Cryptocurrencies often come into the firing line for their anonymity and lack of regulatory oversight. High-profile examples of illicit purchases on the dark web using cryptocurrencies have made regulators wary of their potential for driving criminal activity.
Not all cryptocurrencies are made equal
A large part of the appeal of cryptocurrencies is that they are more discrete than mainstream payment methods. And while this is partly what makes them attractive to criminals, it is unfair to assume all discrete transactions are criminal. We all make purchases we would rather other people not know about, for fear of embarrassment or judgement. Anonymity also has its benefits: who hasn't suddenly seen a spike in advertisements related to something you once searched for online, or saw similar products to one you've just bought advertised on sites you visit?
Privacy enhancing cryptocurrencies are built on five pillars, namely:
- Unlinkability, which conceals where transactions are going to;
- Untraceability, which conceals the origins of transactions;
- Cryptgraphically valueless, which hides the value of a transaction;
- Passively hidden, which conceals the transaction from other internet users; and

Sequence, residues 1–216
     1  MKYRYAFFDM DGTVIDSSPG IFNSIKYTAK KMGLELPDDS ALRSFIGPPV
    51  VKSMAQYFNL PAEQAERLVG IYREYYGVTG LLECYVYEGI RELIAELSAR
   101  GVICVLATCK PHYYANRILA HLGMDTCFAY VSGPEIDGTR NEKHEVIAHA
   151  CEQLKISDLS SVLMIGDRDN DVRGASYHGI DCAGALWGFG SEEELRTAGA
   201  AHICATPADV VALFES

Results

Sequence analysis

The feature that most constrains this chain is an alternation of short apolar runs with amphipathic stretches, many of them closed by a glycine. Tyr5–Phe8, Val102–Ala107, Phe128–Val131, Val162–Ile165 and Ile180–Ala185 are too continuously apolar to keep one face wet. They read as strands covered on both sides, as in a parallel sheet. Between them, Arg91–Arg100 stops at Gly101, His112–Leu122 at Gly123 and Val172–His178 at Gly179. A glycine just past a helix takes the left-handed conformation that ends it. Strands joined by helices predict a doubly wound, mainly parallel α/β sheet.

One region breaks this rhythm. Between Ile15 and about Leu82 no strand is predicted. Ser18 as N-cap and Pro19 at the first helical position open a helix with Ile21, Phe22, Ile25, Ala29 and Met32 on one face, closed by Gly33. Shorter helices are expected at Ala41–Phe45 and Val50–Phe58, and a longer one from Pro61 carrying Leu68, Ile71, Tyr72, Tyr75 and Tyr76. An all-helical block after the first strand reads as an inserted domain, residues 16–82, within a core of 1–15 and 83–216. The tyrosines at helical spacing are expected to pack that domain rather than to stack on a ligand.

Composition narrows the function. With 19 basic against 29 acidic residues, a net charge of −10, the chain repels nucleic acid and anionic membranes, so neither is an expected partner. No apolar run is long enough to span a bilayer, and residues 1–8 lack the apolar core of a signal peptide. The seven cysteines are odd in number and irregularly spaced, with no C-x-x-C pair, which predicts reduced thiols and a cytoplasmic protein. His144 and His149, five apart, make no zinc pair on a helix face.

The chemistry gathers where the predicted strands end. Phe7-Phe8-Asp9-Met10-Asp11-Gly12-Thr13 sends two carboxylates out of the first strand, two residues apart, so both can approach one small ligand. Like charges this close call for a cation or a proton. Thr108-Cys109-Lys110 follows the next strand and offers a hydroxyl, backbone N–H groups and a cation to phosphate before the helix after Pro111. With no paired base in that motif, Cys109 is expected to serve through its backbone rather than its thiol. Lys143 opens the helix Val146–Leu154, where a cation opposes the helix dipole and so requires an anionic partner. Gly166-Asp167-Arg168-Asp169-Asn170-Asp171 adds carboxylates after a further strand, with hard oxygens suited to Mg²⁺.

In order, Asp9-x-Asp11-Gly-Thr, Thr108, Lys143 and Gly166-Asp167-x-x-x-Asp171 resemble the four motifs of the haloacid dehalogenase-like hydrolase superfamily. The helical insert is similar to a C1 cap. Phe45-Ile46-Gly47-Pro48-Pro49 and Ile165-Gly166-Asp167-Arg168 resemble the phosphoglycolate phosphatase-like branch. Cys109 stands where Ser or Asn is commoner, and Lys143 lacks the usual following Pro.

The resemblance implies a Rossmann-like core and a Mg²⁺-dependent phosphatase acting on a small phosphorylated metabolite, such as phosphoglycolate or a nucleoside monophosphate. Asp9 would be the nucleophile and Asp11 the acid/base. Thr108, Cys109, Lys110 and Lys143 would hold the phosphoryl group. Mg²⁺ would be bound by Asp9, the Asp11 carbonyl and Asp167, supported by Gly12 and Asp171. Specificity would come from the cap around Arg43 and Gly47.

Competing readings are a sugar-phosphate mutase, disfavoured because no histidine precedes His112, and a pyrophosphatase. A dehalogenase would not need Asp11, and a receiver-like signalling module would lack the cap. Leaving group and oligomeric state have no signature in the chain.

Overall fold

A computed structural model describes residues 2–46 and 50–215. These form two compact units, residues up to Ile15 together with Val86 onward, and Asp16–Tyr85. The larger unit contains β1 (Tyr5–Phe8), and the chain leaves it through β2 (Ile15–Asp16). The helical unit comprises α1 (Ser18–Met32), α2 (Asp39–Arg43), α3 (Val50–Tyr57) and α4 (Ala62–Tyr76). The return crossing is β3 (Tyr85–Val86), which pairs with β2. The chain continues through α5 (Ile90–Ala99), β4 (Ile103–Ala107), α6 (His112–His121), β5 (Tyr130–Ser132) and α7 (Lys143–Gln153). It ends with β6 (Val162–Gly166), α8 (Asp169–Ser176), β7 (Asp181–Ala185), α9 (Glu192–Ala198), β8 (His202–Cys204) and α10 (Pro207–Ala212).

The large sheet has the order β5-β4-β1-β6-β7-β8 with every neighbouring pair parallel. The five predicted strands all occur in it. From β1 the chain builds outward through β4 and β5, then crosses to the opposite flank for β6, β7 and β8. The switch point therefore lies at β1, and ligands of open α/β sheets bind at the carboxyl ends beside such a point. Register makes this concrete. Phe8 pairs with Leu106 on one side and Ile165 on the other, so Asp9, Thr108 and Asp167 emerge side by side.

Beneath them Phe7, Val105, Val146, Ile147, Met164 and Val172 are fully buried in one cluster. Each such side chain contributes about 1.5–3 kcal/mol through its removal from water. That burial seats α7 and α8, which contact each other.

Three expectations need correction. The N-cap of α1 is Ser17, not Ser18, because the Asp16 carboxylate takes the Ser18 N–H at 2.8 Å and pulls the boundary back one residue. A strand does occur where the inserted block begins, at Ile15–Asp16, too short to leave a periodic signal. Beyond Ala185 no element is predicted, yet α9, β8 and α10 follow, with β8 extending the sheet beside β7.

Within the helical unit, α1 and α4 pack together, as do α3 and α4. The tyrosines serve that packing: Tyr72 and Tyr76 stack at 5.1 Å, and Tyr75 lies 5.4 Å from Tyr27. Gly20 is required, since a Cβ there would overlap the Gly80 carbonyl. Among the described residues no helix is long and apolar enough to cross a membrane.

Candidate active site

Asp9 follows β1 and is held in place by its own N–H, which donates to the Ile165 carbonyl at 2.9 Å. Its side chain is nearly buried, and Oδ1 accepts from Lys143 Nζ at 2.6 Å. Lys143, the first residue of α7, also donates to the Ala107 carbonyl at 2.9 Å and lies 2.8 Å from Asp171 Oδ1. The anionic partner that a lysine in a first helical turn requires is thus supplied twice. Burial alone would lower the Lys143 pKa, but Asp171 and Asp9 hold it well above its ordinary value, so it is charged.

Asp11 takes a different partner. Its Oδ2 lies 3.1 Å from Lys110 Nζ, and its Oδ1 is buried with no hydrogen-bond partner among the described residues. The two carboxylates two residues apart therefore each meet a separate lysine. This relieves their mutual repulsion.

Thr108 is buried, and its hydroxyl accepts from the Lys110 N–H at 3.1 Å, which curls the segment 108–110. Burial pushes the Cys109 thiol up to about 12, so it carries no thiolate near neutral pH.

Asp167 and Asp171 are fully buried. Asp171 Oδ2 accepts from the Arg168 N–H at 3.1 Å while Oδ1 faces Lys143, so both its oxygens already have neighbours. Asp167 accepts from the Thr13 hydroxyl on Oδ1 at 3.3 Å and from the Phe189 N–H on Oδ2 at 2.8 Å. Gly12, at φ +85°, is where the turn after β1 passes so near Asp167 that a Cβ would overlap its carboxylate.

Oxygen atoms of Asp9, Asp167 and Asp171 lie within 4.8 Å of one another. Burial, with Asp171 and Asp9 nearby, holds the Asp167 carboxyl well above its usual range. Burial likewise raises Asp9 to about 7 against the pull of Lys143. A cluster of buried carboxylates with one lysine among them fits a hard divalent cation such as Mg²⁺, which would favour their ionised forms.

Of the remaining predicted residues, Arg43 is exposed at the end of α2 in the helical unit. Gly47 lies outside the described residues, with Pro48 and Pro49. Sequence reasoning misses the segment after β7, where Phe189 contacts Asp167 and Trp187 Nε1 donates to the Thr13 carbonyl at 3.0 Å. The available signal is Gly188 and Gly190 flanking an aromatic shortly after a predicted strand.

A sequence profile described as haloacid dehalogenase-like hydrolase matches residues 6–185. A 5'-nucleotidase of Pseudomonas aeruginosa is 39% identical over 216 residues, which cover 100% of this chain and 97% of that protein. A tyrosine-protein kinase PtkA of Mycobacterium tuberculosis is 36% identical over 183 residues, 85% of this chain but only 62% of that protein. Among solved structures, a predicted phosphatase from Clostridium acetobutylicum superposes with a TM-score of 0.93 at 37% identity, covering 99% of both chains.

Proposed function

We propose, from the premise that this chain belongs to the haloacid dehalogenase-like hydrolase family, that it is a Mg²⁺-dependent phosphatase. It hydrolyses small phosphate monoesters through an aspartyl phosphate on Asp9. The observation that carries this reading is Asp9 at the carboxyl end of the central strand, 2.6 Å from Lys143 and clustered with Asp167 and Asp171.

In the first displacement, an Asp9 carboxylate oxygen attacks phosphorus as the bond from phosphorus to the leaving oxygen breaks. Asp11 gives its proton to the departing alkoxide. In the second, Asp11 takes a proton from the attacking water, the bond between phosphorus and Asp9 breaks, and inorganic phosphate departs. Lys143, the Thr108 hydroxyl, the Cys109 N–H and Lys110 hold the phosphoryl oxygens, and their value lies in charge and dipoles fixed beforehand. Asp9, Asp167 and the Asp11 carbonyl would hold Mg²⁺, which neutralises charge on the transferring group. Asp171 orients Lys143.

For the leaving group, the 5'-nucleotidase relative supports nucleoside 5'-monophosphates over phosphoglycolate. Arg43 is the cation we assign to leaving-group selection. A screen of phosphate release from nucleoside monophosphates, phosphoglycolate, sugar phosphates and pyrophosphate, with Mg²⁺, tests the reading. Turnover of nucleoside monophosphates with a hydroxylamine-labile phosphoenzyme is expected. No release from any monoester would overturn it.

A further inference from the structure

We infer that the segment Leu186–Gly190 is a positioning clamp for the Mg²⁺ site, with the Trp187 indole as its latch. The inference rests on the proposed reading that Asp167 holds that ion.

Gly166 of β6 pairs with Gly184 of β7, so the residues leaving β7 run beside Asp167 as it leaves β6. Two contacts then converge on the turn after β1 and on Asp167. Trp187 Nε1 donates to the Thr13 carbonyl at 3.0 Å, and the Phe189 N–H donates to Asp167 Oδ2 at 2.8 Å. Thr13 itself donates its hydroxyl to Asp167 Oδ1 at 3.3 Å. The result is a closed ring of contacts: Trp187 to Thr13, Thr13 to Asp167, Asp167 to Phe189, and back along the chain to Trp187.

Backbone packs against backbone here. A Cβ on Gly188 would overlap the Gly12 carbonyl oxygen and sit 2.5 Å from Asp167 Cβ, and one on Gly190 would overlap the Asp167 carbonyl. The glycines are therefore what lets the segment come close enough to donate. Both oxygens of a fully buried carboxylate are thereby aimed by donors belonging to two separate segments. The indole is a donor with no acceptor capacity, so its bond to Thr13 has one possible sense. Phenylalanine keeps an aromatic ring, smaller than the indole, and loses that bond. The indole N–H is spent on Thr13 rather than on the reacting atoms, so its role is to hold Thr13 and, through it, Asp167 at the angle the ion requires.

- Optionality, which maximises the privacy set while still enabling you to reveal information should you need to.
But not all cryptocurrencies are created equal. And not all have the privacy of their users as a primary concern. Cryptocurrencies such as Monero were built to provide users with the optimum amount of privacy. That's why I'd add a sixth pillar to the above, namely Ideology. Since cryptocurrencies involve thousands - even millions - of people, it is critical that the cryptocurrency is managed according to a strict set of privacy-enhancing guidelines.
Every contributor to Monero, for example, understands they are responsible for other people's money, privacy and, by extension, safety. Contributors could, through reckless actions, compromise someone's financial security or even their lives. Any privacy project that treats it with less care is indistinguishable from a scam and can put people's lives at risk.
There's a popular argument that honest people don't need privacy since they have nothing to hide. But that's fallacy. As Edward Snowden put it, "Arguing that you don't care about the right to privacy because you have nothing to hide is no different to saying you don't care about free speech because you have nothing to say."
Financial privacy is a fundamental human right. Technology can be both the greatest inhibitor or promoter of privacy. The responsibility rests on all of us who participate in the new world of cryptocurrencies to ensure we protect the privacy of our users.
Riccardo Spagni is lead maintainer at the Monero Project. The views expressed here are his.